Memories define us. So what if you lost yours every time you went to sleep? Your name, your identity, your past, even the people you love - all forgotten overnight. And the one person you trust may be telling you half the story. Welcome to Christine's life.
(Cover blurb for Before I Go To Sleep.)
Before I Go To Sleep is a deep insight into what it must be like to live with amnesia: the fear and horror of not knowing anything, the world being a strange place, and discovering each day that you're twenty-odd years older than you thought. There were almost time-travel elements, as of course the world has changed a lot in the past decades. Where the world has changed gradually, to Christine it happens all at once, and she has to come to terms with the existence of mobile phones, photoshop, the Gherkin and London Eye - and living in a post 9/11 world without any understanding of the significance of that date - or knowledge that it is a significant date at all. "I must have missed so much," Christine writes. "Disasters, tragedies, wars. Whole countries might have fallen to pieces as I wandered, oblivious, from one day to the next."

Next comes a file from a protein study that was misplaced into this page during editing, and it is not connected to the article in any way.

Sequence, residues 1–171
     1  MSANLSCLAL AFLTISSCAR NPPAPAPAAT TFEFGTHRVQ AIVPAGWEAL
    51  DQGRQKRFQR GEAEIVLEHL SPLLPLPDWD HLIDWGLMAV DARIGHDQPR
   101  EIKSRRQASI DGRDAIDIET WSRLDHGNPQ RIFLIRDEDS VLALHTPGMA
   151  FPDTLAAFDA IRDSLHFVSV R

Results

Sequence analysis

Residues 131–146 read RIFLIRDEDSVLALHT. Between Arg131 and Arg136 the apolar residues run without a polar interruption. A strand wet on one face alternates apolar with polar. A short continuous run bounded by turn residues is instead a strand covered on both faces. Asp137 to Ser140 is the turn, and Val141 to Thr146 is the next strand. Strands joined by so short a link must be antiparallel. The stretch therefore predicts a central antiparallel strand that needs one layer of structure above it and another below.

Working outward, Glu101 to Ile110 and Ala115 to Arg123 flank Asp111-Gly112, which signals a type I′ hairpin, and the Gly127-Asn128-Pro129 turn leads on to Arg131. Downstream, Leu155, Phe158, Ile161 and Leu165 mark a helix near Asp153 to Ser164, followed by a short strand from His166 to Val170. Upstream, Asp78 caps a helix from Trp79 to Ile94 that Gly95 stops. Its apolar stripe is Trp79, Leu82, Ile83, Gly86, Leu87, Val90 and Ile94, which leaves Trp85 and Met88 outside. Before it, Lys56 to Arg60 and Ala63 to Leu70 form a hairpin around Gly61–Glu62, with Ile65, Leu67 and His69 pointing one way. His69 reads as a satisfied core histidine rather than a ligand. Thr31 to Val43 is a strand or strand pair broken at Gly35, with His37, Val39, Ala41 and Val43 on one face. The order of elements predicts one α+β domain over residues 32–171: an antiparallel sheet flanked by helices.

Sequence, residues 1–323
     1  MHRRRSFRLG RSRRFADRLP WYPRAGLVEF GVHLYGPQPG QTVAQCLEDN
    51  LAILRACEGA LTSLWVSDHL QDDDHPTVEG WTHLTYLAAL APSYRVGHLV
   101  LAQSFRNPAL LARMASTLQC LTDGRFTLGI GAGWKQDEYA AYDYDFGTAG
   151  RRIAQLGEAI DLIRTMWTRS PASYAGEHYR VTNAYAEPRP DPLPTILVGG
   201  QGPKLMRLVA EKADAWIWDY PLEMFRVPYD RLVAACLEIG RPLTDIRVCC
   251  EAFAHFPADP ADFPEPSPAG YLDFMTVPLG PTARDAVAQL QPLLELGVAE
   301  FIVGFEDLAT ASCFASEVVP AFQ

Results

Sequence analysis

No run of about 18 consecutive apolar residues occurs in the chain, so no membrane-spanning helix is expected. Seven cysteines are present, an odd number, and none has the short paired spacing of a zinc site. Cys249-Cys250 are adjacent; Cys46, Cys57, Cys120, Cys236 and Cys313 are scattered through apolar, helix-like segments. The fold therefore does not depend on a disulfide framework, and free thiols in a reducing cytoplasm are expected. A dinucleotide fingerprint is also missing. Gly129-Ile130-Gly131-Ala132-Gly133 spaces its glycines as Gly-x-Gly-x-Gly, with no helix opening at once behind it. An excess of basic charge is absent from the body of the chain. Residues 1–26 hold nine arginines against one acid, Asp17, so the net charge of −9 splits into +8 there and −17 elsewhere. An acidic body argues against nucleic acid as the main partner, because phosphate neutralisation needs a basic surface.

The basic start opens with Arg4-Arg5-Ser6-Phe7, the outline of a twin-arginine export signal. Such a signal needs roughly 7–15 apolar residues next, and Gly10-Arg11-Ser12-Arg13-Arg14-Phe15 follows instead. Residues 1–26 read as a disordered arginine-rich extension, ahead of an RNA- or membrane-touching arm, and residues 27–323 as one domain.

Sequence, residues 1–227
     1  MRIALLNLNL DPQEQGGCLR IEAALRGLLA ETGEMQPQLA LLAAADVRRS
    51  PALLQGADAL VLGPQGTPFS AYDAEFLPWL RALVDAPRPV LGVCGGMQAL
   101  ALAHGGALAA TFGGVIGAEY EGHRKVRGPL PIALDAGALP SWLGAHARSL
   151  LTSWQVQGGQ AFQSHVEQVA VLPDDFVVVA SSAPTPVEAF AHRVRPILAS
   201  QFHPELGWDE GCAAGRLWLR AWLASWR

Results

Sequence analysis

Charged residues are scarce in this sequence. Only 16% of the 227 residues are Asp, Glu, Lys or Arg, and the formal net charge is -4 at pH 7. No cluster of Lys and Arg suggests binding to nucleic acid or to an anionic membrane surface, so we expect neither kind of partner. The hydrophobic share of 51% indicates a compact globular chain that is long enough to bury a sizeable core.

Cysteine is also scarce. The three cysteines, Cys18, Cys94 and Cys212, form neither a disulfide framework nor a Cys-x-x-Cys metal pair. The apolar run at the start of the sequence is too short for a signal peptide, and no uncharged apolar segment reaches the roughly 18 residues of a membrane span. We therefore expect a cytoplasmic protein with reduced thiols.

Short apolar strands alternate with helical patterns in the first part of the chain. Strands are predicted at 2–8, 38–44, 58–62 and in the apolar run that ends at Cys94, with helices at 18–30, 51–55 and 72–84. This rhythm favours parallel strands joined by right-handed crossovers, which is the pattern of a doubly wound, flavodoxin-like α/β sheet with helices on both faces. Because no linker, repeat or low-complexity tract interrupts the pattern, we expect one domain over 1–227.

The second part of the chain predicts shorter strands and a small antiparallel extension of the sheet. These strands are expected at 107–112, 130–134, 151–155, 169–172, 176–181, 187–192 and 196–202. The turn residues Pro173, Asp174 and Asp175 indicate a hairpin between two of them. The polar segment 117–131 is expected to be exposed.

Being a book all about memory, there are inevitably plenty of flashbacks, which are rather disorientating to read. Christine's mind is a very intense, confusing place to be, and the flashbacks can read like actual, physical shifts in time. Her perception of the world is a mishmash of past and present, real and imagined, and filling in the gaps where memories ought to be - but aren't.
The storytelling is very well-paced, with questions answered at satisfactory intervals - and with every question answered, another two are raised. The most straight-forward resolutions to mysteries add to the suspicion by posing another question: if this is the truth, why lie about it or conceal it up until now? Before I Go To Sleep is an intelligent, well-written thriller and psychological study that keeps you turning the pages wanting to know just what's going on. Although I had guessed at a major twist early on, it was revealed to give me a sense of satisfaction for figuring it out, rather than disappointment with the author for not being cleverer than me - a rare achievement.